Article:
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Will squatters' rights prevail over copyright?

FINALLY, we have finished reading the government’s response to the consultation on copyright “exceptions”, released on 20 December. Season’s greetings to you, too!

In summary: the document notes many of the criticisms levelled by creators and those who distribute our work – and rejects almost every one.

Particularly alarming is a spectacularly opaque proposal on extending “exceptions” – rules allowing use of copyright works without permission of or payment to their creators or anyone else who may hold rights – for the benefit of educational users.

It clearly states that the licences for photocopying and recording of broadcasts in schools will – and the currently important income they provide to the individual creators – will stay in place. This is an improvement on the position in the government’s consultation.

But we suspect that the government wants to rule out new licences for digital copying in schools – perhaps hoping that income to creators will fade away until the last photocopier is turned off. We could be wrong: we await the return of our team of crack policy cryptographers in the New Year.

Also rather vague is the proposal to widen the “exception” for the purposes of quotation, to include,  in the government’s example, bloggers. Do we discern  here a route to an (entirely accidental)   legitimisation of Google’s practices?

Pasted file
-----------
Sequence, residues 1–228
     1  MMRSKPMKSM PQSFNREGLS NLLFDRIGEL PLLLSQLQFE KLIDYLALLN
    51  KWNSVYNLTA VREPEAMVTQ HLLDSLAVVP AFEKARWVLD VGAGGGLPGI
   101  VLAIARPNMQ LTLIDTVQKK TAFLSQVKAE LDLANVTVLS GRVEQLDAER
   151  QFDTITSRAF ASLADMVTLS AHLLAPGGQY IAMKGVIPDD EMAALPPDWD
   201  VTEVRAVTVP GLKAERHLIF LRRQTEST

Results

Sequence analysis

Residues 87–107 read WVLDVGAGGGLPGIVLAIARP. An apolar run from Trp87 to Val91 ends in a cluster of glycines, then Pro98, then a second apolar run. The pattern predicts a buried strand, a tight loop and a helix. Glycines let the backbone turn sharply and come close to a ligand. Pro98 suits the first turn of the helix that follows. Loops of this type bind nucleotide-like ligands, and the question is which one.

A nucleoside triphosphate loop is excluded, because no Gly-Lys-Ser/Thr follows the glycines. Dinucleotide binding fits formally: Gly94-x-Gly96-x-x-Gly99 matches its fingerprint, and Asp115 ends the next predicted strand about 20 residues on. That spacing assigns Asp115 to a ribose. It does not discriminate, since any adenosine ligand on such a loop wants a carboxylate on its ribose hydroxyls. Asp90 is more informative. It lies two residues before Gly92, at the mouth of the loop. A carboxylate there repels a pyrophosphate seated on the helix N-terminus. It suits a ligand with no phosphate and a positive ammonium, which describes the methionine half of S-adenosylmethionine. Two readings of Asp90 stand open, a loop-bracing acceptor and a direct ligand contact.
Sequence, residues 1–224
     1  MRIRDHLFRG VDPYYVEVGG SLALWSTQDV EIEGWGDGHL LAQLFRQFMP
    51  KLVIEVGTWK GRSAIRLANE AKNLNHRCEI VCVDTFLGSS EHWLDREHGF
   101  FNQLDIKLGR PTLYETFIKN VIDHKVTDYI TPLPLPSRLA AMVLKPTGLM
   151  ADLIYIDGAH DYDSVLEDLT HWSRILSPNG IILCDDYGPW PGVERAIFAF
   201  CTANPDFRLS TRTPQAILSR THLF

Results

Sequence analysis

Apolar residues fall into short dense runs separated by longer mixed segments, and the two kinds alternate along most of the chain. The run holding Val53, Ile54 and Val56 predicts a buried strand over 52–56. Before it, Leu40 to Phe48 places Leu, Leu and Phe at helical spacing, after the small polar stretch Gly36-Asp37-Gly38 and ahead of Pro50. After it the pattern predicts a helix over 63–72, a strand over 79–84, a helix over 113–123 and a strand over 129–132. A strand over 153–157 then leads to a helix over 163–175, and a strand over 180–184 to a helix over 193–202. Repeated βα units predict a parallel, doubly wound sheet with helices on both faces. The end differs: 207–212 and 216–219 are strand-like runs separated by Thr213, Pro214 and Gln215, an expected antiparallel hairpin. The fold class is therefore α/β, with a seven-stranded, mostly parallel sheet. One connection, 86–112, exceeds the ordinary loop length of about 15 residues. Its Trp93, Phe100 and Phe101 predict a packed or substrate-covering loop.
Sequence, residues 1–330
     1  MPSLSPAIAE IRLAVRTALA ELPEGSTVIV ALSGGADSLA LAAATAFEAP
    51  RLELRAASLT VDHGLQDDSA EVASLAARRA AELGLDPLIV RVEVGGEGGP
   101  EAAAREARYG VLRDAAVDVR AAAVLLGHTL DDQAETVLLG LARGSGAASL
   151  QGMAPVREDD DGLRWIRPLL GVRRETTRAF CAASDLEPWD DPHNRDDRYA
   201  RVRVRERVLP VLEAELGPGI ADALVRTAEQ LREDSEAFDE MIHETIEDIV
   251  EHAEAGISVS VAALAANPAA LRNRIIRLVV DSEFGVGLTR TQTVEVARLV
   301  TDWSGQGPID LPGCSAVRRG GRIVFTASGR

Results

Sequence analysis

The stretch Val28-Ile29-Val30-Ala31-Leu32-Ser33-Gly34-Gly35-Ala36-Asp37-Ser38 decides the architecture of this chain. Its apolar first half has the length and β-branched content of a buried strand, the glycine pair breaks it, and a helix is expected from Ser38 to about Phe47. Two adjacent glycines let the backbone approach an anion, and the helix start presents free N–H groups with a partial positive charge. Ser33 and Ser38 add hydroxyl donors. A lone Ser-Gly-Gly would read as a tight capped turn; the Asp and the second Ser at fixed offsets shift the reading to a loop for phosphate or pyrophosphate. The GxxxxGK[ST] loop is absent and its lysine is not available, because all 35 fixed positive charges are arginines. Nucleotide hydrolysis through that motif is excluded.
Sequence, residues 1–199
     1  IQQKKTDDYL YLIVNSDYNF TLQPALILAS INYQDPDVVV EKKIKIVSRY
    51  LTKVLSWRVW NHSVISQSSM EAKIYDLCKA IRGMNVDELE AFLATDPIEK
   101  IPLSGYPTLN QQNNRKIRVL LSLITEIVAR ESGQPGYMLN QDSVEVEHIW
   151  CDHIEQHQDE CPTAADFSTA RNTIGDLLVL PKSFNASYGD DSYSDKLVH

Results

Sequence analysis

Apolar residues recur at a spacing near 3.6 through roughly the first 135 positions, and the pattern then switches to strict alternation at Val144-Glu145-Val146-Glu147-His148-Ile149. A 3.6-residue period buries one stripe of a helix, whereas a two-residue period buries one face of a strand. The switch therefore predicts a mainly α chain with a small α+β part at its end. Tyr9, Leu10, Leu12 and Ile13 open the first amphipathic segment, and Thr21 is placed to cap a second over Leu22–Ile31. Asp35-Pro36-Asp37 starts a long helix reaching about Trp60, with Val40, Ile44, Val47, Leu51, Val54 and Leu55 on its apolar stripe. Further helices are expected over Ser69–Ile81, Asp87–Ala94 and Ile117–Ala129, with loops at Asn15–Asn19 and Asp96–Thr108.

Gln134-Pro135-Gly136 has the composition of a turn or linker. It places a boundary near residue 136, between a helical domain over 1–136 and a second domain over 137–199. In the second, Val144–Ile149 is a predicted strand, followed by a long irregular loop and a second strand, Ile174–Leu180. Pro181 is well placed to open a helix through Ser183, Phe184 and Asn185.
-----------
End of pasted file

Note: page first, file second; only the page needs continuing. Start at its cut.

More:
The government responds to the forceful reminder from the All-Party Intellectual Property Group of MPs and Lords that copyright is a property right, not a mere irritating matter of regulation. It states that rights in physical property are subject to regulation and expands in a footnote:

“For example in the law of England and Wales the extent of rights over land is limited. For example, freehold interests in land can be lost by failures to protect them, and they may be affected by the rights of third parties, e.g. rights accrued by adverse possession, restrictive covenants and the like.”

It is interesting that the government should justify its position by reference to “adverse possession” – which includes squatters’ rights.

The Creators’ Rights Alliance has no position on squatting, and will certainly not be releasing our list of musicians, visual artists and writers who got started while they were squatters.  

But we have an old-fashioned attachment to consistency, and suggest that if the government really wishes to legalise the practice of a Famous Web Search Engine and others of squatting authors’ and performers’ work, it should rethink its approach to empty physical properties too.

Mike Holderness

Chair, CRA

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